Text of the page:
Perhaps the clearest statement on the question of passing title is to be found in Commodore Stewart's Case (1 Ct. Claims, 113), decided by the Court of Claims in 1864, in which the court was very desirous to hold that title to the Levant passed to the individual captors upon its capture by the frigate Constitution, then under the command of Captain Stewart. Captain Stewart on the 20th day of February, 1815, sighted, chased, and captured the Cyane and Levant, two British men-of-war. Followed by a superior British squadron, he sought to carry his prizes to the United States, but the Levant, unable to keep up with the Constitution, took refuge in Portuguese waters, where, notwithstanding Portugal was neutral, the Levant was captured by the British squadron without an attempt on the part of Portugal to hinder such an unlawful act, or even a remonstrance, The loss of the prize rankled in the breast of Captain Stewart, and, insisting that the failure of the United States to secure satisfaction against Portugal for permitting this violation of its neutrality by virtue whereof Stewart lost the prize, he brought suit in the Court of Claims against the United States in order to recover damages for the failure of the United States to prosecute and to enforce its right against Portugal. In considering the effect of capture upon title to the captured vessel, Chief Justice Casey, speaking for the court, said:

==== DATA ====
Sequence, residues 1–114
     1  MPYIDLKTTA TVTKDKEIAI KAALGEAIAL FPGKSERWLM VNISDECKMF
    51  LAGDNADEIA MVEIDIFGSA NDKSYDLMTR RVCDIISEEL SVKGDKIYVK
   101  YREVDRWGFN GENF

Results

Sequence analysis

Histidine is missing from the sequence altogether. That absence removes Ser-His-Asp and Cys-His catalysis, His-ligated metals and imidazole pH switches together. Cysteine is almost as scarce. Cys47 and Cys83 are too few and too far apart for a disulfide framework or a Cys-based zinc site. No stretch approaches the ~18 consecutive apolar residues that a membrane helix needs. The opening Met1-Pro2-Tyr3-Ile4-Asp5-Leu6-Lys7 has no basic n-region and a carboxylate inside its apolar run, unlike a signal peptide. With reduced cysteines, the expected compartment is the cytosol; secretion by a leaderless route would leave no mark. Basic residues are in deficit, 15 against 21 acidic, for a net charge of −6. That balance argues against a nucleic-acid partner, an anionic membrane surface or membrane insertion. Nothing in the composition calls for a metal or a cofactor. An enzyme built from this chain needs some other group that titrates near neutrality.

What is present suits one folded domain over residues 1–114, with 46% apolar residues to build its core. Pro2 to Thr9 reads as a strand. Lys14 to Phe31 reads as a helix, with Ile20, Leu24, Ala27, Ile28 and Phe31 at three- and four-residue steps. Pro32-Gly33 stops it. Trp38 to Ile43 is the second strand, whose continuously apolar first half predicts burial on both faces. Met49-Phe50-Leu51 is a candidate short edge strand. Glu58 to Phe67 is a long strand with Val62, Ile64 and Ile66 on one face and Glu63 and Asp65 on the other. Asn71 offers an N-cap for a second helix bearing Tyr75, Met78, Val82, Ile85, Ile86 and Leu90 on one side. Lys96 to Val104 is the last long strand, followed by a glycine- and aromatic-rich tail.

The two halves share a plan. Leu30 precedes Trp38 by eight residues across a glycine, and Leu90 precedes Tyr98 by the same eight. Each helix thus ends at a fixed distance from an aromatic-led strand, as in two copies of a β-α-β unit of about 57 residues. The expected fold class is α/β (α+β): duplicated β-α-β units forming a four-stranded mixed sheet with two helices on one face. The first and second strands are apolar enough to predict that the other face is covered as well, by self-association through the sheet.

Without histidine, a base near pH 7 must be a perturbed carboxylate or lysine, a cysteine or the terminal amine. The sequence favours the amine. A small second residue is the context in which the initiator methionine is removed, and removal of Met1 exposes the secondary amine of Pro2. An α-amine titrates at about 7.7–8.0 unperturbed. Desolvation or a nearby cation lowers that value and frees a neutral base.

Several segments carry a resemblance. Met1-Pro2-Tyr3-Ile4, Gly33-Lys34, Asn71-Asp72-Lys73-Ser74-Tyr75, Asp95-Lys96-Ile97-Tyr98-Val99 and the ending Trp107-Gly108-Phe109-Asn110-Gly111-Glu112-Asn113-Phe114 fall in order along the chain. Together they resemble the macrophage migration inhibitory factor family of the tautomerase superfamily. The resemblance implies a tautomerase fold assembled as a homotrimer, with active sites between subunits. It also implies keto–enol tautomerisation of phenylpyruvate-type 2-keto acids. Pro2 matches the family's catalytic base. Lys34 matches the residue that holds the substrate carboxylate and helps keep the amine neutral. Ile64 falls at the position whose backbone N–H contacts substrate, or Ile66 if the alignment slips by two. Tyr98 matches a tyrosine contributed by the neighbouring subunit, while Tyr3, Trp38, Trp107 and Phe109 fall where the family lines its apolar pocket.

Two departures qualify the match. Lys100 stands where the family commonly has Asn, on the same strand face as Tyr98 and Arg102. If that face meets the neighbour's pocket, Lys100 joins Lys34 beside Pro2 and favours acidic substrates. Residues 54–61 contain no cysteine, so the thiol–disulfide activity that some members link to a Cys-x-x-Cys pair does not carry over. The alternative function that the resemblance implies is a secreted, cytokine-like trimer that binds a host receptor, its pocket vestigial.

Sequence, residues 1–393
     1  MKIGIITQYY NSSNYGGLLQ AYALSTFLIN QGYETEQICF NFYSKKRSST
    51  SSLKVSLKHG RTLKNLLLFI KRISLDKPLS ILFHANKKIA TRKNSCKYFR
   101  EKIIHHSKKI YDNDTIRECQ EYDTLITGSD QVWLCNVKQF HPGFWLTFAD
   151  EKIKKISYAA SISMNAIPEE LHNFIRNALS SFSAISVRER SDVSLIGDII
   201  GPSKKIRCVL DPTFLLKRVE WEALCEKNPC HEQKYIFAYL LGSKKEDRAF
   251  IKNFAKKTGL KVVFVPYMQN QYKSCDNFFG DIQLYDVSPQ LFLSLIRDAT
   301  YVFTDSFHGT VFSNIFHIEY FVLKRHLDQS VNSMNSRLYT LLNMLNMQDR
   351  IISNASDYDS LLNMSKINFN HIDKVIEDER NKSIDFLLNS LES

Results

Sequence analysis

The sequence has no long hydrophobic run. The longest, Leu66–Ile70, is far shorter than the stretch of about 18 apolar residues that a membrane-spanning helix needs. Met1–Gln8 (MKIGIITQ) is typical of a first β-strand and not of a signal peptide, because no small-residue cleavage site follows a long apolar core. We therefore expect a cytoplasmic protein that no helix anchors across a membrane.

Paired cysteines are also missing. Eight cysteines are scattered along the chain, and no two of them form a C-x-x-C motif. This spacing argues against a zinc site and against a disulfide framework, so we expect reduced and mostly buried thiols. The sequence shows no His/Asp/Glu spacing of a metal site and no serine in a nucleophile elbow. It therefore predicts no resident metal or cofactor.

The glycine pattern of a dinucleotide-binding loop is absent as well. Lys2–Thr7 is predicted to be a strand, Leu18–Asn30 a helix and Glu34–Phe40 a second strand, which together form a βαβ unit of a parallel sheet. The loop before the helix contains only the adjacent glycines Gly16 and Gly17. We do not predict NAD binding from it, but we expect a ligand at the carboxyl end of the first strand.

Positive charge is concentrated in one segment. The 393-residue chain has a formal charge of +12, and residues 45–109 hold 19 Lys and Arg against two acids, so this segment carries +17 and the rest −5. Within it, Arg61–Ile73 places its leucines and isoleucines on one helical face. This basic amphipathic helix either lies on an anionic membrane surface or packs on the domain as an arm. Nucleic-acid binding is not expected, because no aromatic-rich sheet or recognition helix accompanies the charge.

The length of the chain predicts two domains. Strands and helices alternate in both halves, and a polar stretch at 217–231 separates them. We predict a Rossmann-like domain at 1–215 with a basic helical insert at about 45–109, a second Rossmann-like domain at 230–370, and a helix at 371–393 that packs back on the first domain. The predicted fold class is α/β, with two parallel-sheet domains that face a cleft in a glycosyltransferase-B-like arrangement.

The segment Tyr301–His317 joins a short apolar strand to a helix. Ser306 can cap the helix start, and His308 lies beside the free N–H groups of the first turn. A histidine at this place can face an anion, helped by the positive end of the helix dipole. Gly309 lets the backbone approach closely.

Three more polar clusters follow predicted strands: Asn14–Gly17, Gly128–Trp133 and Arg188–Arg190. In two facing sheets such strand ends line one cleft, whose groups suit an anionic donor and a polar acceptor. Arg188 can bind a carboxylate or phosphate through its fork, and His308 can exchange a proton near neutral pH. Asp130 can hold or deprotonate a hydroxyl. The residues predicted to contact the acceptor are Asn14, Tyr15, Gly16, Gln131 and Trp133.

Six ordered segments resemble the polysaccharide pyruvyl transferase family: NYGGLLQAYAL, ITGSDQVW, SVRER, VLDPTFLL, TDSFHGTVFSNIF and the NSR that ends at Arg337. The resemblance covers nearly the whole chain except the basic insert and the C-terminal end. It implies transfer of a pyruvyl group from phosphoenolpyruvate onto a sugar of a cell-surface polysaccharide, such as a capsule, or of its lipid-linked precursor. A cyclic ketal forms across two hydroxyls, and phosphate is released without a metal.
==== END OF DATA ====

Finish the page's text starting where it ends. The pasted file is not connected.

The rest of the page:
Attention for a moment to the foundation and origin of the right of the individual to the captured property will assist us in the solution of this question. That right is acquired not in virtue of the seizure of it as enemies' property, but by grant of the sovereign whose commission the captor bears. Judge Story says: “It is now clear

1 Hall, 6th ed., pp. 451-2.

that all captures in war inure to the sovereign, and can become private property only by his grant.” (The Emulous, 1 Gall., 569; 11 East., 619.)